You are here: Home / IT / Daily Developer Dose: DRYing up teh things with an extension method

Daily Developer Dose: DRYing up teh things with an extension method

An extension method for a DRYer way when changing key type of ASP.NET Identity Users and roles

Ah.. extension methods. What a great feature of C#! Making a simple developer feel a bit like a language designer, by adding custom OO style methods to C#’s base types or custom classes.

var now = DateTime.Now;

But of course extension methods are also seen as design smells nowadays. An extension method is a static method which HAS to be in a static class and then prepending the methods’s first parameter with ‘this’:

static class MyExtensions {
public static void ToFunkyDutchDate(DateTime this theDate) {
return string.Format("{0:dd-MM-yyyy}", theDate);

Yikes did I say static? In the modern age of dependency injection and TDD it seems no use of the ‘static’ keyword is allowed anymore. Static fields are bad, because they make your code hard/impossible to test. And extension methods are suffering from ‘feature envy’ according to code masters like Jeff Atwood (though the guy self-admittedly he has no idea what he’s talking about ;).

But if you want to do everything right, things can sometimes turn out to be so much more work initially. Especially when working on an older code base. A lot of the times there is a customer waiting for a fix/feature he/she considers to be simple. But you find a little bug, chase it only to discover a whole heap more. Kind of like Homer Simpson in the intro of this video.

Ofcourse once you’ve cleaned everything up you feel better, and will have to trust it will pay back for itself later. But sometimes it’s better to just take on some technical debt, and leave some TODO’s in your code to refactor things later. So now and then they are just really convenient. Still I sometimes have a hard time with pragmatics like that. My current .NET project is actually brand spanking new, so I would like to keep it clean. Except that it’s based of of the .NET default application, and I have already found out that this standard code actually already contains some code already that is not particularly DRY. I’m using ASP.NET One Identity based on a Code First approach.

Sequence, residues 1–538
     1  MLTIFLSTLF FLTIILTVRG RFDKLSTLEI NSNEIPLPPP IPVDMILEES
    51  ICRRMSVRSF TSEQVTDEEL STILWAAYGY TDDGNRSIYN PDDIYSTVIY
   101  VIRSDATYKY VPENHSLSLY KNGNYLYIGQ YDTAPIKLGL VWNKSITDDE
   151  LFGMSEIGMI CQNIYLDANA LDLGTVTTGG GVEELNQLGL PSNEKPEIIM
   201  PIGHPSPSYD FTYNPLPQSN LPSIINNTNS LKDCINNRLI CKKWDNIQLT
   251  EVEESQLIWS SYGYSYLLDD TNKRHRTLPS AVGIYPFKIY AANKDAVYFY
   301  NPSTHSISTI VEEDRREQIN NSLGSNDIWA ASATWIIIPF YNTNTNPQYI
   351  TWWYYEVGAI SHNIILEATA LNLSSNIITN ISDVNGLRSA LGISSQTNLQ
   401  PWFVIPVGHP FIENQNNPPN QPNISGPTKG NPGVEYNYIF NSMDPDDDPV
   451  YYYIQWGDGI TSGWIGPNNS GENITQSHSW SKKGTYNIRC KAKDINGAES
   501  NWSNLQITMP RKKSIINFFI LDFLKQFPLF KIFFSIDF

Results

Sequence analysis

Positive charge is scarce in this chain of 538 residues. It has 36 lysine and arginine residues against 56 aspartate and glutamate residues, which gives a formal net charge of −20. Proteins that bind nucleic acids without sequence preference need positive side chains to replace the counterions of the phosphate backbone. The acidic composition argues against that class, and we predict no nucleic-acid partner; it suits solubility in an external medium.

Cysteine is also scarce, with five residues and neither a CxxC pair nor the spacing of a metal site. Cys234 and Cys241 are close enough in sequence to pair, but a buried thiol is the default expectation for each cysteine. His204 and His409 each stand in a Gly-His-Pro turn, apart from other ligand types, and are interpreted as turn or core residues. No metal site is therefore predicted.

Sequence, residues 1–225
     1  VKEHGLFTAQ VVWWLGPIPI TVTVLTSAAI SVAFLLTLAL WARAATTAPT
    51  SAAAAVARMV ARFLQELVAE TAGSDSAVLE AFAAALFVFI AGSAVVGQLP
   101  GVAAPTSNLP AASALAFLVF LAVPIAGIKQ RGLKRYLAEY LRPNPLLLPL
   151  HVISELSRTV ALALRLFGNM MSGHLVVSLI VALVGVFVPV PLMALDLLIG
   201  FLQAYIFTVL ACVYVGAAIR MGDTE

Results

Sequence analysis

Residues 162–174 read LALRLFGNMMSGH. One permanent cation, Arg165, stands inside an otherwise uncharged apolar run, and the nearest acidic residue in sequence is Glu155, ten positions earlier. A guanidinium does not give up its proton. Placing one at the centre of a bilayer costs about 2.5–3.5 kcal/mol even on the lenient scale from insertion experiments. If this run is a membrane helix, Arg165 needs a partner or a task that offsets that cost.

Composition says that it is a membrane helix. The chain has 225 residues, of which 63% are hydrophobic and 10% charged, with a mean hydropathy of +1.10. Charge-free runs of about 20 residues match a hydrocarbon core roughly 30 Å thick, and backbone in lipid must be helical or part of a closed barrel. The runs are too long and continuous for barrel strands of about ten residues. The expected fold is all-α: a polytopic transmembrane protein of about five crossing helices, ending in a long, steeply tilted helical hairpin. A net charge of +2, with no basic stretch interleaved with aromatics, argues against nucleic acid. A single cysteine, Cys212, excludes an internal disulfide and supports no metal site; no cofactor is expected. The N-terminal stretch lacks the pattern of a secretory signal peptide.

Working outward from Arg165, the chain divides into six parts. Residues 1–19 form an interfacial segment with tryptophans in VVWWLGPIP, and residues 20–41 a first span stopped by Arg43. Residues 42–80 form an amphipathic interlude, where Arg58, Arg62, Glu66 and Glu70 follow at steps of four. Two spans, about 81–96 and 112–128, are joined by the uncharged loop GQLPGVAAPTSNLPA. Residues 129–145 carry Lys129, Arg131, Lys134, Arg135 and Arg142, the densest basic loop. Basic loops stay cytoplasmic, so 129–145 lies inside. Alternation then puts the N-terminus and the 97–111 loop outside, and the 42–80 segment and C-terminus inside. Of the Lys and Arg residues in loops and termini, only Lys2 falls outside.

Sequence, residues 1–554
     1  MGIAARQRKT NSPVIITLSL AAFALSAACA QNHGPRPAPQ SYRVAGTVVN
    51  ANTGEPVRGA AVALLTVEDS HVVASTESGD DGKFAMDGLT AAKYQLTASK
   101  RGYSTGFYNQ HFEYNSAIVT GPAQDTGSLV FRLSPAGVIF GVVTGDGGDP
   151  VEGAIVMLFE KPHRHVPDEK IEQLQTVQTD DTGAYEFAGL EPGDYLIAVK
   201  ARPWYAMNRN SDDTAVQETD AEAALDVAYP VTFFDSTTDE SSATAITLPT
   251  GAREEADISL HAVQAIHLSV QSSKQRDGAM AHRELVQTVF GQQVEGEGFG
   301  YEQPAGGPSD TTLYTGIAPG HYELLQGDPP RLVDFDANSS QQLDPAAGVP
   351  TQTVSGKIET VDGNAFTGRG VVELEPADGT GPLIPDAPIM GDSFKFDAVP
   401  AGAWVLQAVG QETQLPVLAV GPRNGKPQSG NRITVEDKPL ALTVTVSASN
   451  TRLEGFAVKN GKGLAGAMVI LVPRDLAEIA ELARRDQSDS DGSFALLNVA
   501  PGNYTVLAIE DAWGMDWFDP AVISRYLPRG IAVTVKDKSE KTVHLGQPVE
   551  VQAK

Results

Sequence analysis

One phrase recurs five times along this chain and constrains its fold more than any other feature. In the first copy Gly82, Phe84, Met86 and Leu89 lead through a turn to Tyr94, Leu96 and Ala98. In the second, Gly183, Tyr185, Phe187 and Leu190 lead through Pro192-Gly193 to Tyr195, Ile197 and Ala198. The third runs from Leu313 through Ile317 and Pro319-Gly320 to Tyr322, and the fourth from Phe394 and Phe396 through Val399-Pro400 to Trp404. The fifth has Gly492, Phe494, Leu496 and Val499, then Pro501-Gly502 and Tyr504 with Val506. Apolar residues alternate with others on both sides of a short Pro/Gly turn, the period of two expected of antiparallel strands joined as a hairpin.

Today I changed the key for my (Identity) users from the default GUID to an int, because it just felt better. Microsoft provided a nic eblog post, a nice blog post describing how to di this. It basically comes down to subclassing a whole bunch of of the classes in their Identity NuGet package. However after doing the basic work I was still left with about 40 compile errors of strings that now had to be int:”

The fix in all cases was to change

var userId = User.Identity.GetUserId();


var userId = User.Identity.GetUserId()

Since the `GetUserId()` was already an extension method itself, I decided to write my own. By swapping all uses with that I would only need to change it in this single place, if I later ever decided to change the type again (back to a GUID for instance) :).

using System.Security.Principal;
using Microsoft.AspNet.Identity;

namespace {
public static class IdentityExtensions {
// Central static method to make stuff DRY, so it’s a oneline change in the type of the Identity UserKey is changed again :).
public static int GetUserKey(this IIdentity identity) {
var result = identity.GetUserId();
return result;

Geef een reactie

Het e-mailadres wordt niet gepubliceerd. Verplichte velden zijn gemarkeerd met *